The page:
1. Solve the problem that the Chinese font of the picture saved by R/ggplot2 is lost to PDF.
2. Solve the problem of failed import of Times New Roman and simsun fonts.
3. Be familiar with and master showtext operation.
1. Problem description
After drawing with ggplot2, use ggsave to save the picture. The Chinese font is lost. After self inspection and network search, it is determined that it has nothing to do with the saving method, mainly due to the font setting. After inquiry, there are mainly two packages to solve the font, one is extrafont and the other is showtext. The latter is recommended and used more, so bloggers choose the latter.
PS: there is no difference between the two. I choose to trust most people.
2. Full notes of showtext package usage process
2.1 case introduction - importing Google fonts online
There are cases in the original introduction of Showtext package, but the friendliness to newcomers is not high enough. This paper makes comprehensive comments and example operations. It also solves the problem that the Song typeface and New Roman typeface cannot be read.
Introduction of showtext package author
PS: I spent half an hour with my brain tired last night, but I didn't solve the problem of showtext bag. I got up this morning and finished everything quickly~
library(tidyverse) #For the convenience of later drawing, in fact, only importing ggplot2 can also complete the operation of this example library(showtext) #Import font settings package # font_add_google showtext is a function that downloads and imports fonts from Google fonts. # The font name in name is used for retrieval. It must strictly correspond to the name of the desired font. # family is followed by the name referenced after the code. You can choose it yourself. font_add_google(name = "Gochi Hand",family = "gochi") font_add_google(name = "Schoolbell",family = "bell") showtext_auto() # The imported font can be used for the following fonts # Draw a randomly distributed histogram, just pay attention to the font setting part # That is, family = "". You can change the font test by yourself. Pay attention to using the imported font. hist(rnorm(1000),breaks = 30,col = "steelblue",border = "white", main = "",xlab = "",ylab = "") title("Historgram of NRN",family = "bell",cex.main=2) title(ylab="Frequency",family="gochi",cex.lab=2) text(2,70,"N=1000 ffff",family="bell",cex = 2.5)
The code of this part is basically consistent with the author link. But I still have to test it myself before I can say it can be used (because I failed to import Song typeface and new Rome yesterday)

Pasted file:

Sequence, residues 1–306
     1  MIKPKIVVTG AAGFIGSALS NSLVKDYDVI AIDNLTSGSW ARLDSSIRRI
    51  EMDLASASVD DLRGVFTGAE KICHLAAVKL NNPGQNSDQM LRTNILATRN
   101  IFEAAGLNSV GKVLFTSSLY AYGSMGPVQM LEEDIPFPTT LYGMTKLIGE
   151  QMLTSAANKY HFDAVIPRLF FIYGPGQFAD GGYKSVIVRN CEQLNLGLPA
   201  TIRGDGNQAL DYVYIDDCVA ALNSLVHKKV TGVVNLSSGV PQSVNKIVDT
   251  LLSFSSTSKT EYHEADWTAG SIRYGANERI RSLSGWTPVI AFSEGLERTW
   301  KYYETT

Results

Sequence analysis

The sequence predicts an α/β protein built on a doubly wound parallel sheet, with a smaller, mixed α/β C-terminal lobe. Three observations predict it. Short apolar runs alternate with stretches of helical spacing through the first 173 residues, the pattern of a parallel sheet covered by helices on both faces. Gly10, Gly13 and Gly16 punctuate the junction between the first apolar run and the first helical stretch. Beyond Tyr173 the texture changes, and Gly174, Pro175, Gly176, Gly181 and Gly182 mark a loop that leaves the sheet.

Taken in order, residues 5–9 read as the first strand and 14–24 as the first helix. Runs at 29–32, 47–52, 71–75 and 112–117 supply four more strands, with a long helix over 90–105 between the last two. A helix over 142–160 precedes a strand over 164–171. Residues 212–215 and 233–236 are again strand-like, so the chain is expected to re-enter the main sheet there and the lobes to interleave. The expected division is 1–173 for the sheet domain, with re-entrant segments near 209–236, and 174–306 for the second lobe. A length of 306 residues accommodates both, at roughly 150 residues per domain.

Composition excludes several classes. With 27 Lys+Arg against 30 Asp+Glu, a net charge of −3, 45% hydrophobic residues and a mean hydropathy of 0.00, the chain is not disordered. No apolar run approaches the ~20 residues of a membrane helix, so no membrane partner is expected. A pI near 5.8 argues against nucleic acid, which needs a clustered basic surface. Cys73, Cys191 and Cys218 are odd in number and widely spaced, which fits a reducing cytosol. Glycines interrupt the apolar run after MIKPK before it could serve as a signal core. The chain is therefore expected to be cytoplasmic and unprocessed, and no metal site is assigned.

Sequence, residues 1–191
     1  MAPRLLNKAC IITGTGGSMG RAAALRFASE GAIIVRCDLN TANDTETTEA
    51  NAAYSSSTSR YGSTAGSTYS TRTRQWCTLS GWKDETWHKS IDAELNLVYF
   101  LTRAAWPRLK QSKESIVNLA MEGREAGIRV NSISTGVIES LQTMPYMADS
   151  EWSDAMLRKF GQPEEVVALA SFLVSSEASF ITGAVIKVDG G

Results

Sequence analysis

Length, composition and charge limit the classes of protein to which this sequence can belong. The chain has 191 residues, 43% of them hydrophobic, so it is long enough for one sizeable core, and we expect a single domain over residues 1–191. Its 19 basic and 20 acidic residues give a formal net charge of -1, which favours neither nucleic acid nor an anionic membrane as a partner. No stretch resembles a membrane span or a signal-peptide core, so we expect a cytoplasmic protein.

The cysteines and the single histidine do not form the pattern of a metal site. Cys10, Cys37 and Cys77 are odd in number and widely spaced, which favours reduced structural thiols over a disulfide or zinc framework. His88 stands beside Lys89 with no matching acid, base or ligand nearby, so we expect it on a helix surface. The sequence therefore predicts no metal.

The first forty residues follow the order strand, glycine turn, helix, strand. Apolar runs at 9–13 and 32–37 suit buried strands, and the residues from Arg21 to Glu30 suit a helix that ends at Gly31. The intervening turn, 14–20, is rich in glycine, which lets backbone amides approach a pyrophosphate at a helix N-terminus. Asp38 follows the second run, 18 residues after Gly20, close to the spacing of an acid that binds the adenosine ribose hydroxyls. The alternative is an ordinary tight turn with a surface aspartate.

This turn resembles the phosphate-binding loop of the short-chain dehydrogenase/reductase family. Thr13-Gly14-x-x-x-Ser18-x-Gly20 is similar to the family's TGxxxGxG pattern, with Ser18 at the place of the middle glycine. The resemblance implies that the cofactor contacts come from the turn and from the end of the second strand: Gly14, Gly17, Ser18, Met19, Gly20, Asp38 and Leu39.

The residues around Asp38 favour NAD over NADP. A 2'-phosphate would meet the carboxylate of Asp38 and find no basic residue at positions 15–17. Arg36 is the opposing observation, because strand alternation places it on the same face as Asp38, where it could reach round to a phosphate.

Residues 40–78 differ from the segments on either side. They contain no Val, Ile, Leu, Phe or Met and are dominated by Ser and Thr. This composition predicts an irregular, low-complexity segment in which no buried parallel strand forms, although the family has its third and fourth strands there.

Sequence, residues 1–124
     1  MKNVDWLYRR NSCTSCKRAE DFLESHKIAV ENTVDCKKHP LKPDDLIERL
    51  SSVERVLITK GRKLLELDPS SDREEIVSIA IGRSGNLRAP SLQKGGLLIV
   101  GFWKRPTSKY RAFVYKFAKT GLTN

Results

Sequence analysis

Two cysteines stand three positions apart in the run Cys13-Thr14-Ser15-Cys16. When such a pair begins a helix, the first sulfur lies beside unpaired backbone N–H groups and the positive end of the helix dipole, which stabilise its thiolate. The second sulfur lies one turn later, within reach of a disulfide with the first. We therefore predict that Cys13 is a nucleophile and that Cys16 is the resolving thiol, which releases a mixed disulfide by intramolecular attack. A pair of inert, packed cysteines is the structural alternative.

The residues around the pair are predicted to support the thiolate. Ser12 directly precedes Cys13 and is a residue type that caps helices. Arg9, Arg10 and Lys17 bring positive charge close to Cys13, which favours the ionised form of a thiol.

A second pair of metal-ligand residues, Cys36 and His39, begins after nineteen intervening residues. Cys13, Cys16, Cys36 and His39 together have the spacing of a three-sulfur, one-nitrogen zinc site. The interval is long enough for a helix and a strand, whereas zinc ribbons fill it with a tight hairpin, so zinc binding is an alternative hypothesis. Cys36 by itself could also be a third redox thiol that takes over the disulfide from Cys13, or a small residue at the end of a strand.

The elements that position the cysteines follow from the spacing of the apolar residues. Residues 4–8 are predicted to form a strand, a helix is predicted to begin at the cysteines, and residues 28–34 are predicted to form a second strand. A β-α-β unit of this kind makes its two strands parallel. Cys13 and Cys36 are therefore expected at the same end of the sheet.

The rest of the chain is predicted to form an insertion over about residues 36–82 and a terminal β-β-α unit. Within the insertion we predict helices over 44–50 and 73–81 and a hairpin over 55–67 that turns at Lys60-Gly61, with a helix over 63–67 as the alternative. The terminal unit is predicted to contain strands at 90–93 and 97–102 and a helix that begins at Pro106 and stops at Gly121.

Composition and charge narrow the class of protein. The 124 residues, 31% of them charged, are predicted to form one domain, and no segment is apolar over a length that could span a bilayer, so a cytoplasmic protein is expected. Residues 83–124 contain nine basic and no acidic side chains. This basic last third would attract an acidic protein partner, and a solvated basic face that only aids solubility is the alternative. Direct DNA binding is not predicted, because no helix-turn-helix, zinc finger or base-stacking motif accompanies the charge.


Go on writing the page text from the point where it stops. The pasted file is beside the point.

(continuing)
2.2 example test - Import local fonts, taking Song typeface and New Roman as examples
As described in the description, the import package method is as follows:
font_add(family = "<family_name>", regular = "/path/to/font/file")
family refers to the name of the code behind you, and you can define it yourself. The path + name of the package needs to be specified in the regular parameter. The default path is C:\Windows\Fonts.
You can use font_paths() view the current path or add a new path.
font_files() lists all available font files in the current path.
Font query has no New Roman, but Song typeface - "simsun.ttc" ttc means font installation set, including regular, bold, etc ttf is a single font. If the suffix is misspelled, it will fail to import the font.
Landlord iron, can't find the new Rome, just want to import, the error is shown in the figure. So I went to the file to see the New Roman font path.
But right clicking has no properties. Double click to enter the file
Select the font you want to import, right-click the attribute and copy the name. I selected general, and the code is as follows.
The results are as follows:
Here you can save the PDF directly with ggsave
2.3 expansion - differences between new Rome and Serif
See here for details
The landlord sees the showtext package and uses font_families() can call serif fonts directly. So we compared the code as follows:
font_families() ggplot(NULL,aes(x=1,y=1))+ ylim(0.5,1.0)+ theme_bw()+ annotate("text",x=0.7,y=0.7,family="serif",size=15, label="Hello,serif world")+ annotate("text",x=0.7,y=0.9,family="TNM",size=15, label="Hello,TNM world")+ annotate("text",x=0.7,y=0.8,family="songti",size=15, label="Hello,Song style") ggsave("Font test 1.pdf",width = 7,height = 4,dpi=96)
The result is shown in the figure below, with New Roman at the top, Song Dynasty in the middle and serif at the bottom. It can be seen that there are some differences between new Rome and serif.